After the Holocaust, the Creation of a Jewish State Was Anything but Guaranteed

Feb. 22 2019

Some 30 years after purchasing a used copy of The Redemption of the Unwanted: From the Liberation of the Death Camps to the Founding of Israel, by Abram Sachar—first published in 1983—Allan Arkush finally sat down to read it. He writes:

I have to say that it doesn’t contain much that I didn’t already know. Its chief merit is that it does an exceptionally good job of teaching what I consider to be a very important lesson.

Most people in the United States, I’m afraid, if they know anything at all about how the state of Israel came into being, believe that after World War II the nations of the world awarded it to the Jewish people as a compensation for what Jews had suffered at the hands of the Nazis. There’s a grain of truth in this, but only a grain. Between 1945 and 1949, the Zionists had to do a tremendous number of things on their own in order to obtain a state. They engaged in a vast amount of worldwide politicking, organized illegal immigration to Palestine, combatted the British administration in Palestine in order both to earn the world’s sympathy and to force the British government’s hand. Had the Zionists not done all of this, there would have been no decision at the United Nations to partition Palestine and create a Jewish state.

And had the Jews of Palestine then sat on their hands and waited for the UN to implement its decision, that state would never have come into being. They had to fight, on their own, a war of independence against the Arabs of Palestine as well as all of the surrounding nations. Abram Sachar was by no means the first or the last to explain all of this, but he did a singularly good job of it.

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Read more at Jewish Review of Books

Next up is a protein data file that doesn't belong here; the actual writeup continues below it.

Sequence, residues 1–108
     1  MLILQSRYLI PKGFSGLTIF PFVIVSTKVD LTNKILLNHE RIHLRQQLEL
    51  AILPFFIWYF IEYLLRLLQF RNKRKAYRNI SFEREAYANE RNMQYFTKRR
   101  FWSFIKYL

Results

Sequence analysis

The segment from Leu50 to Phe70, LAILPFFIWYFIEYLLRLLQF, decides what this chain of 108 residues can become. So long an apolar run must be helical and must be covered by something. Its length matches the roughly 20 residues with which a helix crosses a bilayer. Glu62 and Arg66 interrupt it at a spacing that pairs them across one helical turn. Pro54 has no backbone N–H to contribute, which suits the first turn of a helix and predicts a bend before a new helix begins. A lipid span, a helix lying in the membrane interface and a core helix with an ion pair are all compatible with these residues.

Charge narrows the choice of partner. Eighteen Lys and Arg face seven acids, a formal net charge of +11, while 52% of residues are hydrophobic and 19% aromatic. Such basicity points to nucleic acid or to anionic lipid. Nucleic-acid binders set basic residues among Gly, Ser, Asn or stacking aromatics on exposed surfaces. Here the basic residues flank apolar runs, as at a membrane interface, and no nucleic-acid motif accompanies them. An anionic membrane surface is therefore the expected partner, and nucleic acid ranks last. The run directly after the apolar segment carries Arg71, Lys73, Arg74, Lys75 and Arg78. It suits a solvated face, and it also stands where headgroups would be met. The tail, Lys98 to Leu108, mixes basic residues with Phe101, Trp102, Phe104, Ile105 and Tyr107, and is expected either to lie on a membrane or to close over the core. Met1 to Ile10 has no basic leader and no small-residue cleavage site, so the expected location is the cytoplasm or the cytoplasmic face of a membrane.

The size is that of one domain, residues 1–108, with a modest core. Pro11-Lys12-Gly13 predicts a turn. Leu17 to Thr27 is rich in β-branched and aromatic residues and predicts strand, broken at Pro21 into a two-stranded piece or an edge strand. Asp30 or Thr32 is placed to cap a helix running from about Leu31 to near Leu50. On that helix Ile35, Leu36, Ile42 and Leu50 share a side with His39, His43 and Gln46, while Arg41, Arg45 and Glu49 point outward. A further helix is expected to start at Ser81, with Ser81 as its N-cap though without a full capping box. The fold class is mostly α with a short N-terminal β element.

More about: History & Ideas, Holocaust, Israel & Zionism, Israeli War of Independence

 

What Egypt’s Withdrawal from the “Arab NATO” Signifies for U.S. Strategy

A few weeks ago, Egypt quietly announced its withdrawal from the Middle East Strategic Alliance (MESA), a coalition—which also includes Jordan, the Gulf states, and the U.S.—founded at President Trump’s urging to serve as an “Arab NATO” that could work to contain Iran. Jonathan Ariel notes three major factors that most likely contributed to Egyptian President Sisi’s abandonment of MESA: his distrust of Donald Trump (and concern that Trump might lose the 2020 election) and of Saudi Arabia’s Crown Prince Mohammad bin Salman; Cairo’s perception that Iran does not pose a major threat to its security; and the current situation in Gaza:

Gaza . . . is ruled by Hamas, defined by its covenant as “one of the wings of the Muslim Brotherhood in Palestine.” Sisi has ruthlessly persecuted the Brotherhood in Egypt. [But] Egypt, despite its dependence on Saudi largesse, has continued to maintain its ties with Qatar, which is under Saudi blockade over its unwillingness to toe the Saudi line regarding Iran. . . . Qatar is also supportive of the Muslim Brotherhood, . . . and of course Hamas.

[Qatar’s ruler] Sheikh Tamim is one of the key “go-to guys” when the situation in Gaza gets out of hand. Qatar has provided the cash that keeps Hamas solvent, and therefore at least somewhat restrained. . . . In return, Hamas listens to Qatar, which does not want it to help the Islamic State-affiliated factions involved in an armed insurrection against Egyptian forces in northern Sinai. Egypt’s military is having a hard enough time coping with the insurgency as it is. The last thing it needs is for Hamas to be given a green light to cooperate with Islamic State forces in Sinai. . . .

Over the past decade, ever since Benjamin Netanyahu returned to power, Israel has also been gradually placing more and more chips in its still covert but growing alliance with Saudi Arabia. Egypt’s decision to pull out of MESA should give it cause to reconsider. Without Egypt, MESA has zero viability unless it is to include either U.S. forces or Israeli ones. [But] one’s chances of winning the lottery seem infinitely higher than those of MESA’s including the IDF. . . . Given that Egypt, the Arab world’s biggest and militarily most powerful state and its traditional leader, has clearly indicated its lack of confidence in the Saudi leadership, Israel should urgently reexamine its strategy in this regard.

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More about: Egypt, Gaza Strip, Qatar, Saudi Arabia, U.S. Foreign policy